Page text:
This is not say that the Division of Criminal Justice has ignored the concerns expressed by those affected by the use of force and those in the community. We understand their concerns and are working internally to determine if there are steps that can be taken within existing resources to complete these investigations as quickly as possible while maintaining the integrity of the investigate process and the subsequent legal analysis and determination of whether the use of force was justified. We are also cognizant of requests from the community for more access to information concerning these investigations prior to the conclusion and release of a report, and are engaged in an internal discussion of how best to address these concerns. Again, we would stress that our fundamental goal is the pursuit of the facts and justice and any release of information prior to conclusion must not undermine these objectives. Yes, there are instances where allowing someone who was involved in or a witness to an incident to view video of the incident may help to refresh their recollection, but there is also the possibility that someone may adjust their testimony to fit what the video shows. Each case must be considered on its own unique facts and circumstances. As such, a blanket policy is not wise with regard to whether or not to publicly release video or other evidence prior to the conclusion of an investigation.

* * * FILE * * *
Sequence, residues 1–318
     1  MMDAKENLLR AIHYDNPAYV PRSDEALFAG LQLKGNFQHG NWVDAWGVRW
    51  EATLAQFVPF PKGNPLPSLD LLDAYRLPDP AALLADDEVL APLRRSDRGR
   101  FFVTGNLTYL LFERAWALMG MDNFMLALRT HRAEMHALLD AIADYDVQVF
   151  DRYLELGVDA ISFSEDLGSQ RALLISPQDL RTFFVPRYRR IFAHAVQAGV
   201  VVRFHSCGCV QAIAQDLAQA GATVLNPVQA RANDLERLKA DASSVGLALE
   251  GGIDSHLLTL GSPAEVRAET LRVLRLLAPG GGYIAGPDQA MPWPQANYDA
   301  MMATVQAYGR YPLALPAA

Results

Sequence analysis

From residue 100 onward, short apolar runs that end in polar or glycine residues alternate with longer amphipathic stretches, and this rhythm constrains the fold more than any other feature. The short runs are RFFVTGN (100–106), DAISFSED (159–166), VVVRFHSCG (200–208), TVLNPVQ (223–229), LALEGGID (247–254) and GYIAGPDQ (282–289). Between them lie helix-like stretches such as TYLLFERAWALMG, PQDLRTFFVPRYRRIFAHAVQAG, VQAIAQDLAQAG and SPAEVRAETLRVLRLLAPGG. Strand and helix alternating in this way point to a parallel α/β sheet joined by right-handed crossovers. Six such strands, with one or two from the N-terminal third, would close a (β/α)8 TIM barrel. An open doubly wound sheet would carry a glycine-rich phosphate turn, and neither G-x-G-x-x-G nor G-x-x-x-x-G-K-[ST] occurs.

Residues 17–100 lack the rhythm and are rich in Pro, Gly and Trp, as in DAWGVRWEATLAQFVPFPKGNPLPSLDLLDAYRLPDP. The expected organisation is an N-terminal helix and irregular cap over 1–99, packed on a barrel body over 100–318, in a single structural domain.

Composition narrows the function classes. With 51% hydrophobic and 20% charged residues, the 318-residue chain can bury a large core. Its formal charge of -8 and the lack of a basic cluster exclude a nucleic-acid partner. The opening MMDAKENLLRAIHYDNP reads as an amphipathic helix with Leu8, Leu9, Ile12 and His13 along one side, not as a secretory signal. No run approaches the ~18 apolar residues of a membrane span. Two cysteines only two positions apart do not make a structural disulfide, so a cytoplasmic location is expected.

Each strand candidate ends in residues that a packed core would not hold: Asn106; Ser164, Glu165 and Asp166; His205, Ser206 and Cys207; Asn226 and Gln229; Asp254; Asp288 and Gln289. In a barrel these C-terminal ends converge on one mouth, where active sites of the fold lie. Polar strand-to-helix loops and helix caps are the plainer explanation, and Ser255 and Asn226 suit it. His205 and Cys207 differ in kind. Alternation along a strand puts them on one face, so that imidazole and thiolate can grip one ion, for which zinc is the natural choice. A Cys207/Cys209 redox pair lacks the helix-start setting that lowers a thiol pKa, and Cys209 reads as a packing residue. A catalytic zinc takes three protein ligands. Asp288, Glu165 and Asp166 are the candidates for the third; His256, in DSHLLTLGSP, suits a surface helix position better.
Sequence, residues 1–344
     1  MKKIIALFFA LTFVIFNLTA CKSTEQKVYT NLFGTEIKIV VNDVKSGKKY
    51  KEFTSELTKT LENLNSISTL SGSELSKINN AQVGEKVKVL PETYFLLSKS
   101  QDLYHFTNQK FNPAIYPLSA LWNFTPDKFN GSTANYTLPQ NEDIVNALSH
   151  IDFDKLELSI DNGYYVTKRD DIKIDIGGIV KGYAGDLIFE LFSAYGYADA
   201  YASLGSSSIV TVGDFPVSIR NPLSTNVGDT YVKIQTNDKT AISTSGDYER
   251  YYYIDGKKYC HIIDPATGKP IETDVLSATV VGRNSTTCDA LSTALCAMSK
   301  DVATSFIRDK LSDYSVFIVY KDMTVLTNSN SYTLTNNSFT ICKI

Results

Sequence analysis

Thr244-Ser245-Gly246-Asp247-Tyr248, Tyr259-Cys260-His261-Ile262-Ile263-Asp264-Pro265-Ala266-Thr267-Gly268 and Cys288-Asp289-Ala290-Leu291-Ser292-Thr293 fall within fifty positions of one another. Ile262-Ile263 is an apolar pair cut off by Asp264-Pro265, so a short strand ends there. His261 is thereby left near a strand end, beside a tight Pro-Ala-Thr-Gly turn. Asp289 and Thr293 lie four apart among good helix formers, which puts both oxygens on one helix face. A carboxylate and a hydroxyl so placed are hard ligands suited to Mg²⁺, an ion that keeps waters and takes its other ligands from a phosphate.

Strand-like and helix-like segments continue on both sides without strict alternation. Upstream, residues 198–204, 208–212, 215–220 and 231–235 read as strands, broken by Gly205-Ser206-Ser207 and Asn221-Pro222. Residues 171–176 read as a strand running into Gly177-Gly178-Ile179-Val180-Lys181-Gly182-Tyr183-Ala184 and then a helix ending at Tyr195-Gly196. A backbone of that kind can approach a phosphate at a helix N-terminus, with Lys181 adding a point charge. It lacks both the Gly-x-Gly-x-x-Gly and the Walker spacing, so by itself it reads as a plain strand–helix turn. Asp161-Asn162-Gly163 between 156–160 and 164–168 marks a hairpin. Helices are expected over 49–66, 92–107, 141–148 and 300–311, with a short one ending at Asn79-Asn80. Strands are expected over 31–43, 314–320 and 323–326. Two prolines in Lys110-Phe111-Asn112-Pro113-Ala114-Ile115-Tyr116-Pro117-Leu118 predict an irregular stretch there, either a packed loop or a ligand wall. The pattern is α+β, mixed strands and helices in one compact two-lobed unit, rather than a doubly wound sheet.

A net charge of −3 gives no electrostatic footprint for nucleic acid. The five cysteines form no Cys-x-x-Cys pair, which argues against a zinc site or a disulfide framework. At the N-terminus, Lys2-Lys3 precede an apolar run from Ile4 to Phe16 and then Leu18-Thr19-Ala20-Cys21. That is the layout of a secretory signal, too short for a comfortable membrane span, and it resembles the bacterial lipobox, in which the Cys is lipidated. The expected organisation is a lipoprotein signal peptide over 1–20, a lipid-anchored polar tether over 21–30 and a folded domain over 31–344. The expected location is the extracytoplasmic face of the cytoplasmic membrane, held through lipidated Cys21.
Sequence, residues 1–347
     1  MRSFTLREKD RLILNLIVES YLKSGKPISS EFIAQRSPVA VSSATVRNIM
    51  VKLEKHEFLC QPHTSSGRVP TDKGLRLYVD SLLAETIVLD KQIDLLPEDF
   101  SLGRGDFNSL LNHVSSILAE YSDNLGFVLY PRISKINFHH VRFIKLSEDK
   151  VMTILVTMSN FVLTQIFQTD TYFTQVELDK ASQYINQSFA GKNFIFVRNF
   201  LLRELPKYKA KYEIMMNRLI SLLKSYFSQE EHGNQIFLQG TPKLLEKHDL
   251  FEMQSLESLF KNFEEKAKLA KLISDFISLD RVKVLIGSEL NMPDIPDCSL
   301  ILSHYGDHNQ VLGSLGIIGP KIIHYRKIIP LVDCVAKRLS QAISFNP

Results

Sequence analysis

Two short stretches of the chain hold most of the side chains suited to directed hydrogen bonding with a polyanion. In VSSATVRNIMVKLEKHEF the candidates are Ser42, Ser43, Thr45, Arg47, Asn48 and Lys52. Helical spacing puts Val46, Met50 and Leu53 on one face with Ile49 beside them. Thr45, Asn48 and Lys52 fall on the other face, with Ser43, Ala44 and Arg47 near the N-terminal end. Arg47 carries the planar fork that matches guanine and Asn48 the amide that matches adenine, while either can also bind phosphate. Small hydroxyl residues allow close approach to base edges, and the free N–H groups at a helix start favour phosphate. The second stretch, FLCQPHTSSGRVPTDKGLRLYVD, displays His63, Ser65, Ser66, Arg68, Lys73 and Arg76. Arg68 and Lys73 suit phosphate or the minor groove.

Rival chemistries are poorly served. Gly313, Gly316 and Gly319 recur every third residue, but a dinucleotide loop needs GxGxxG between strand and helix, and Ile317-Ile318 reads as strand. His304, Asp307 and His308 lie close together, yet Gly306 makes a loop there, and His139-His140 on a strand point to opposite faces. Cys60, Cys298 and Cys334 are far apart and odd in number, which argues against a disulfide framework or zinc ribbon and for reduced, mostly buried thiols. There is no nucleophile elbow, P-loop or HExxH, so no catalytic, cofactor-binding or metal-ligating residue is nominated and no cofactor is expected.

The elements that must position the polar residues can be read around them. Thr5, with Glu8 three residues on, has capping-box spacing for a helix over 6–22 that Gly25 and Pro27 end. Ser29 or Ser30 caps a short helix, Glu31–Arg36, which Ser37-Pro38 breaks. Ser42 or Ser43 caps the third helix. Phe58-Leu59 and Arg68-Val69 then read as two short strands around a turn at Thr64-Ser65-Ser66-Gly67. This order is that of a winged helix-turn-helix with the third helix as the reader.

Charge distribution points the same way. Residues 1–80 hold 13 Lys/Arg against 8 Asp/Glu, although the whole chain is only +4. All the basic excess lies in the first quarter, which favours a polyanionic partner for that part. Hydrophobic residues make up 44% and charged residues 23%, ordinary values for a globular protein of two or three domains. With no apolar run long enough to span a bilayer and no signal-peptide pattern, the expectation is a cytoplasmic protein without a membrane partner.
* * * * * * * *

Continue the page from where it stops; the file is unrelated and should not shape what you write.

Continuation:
For these reasons, the Division cannot support legislation that would impose an artificial deadline on the investigations into the use of force resulting in death as implied by Proposed H.B. No. 5757. Even if the General Assembly were to provide substantial increases in resources to both the State Police and the Division for additional staff dedicated to this purpose, an artificial deadline is just that – artificial. We certainly would not want to be placed in the position where we were forced to cut corners and not conduct the most thorough process possible just to get the job done quicker. That is not justice.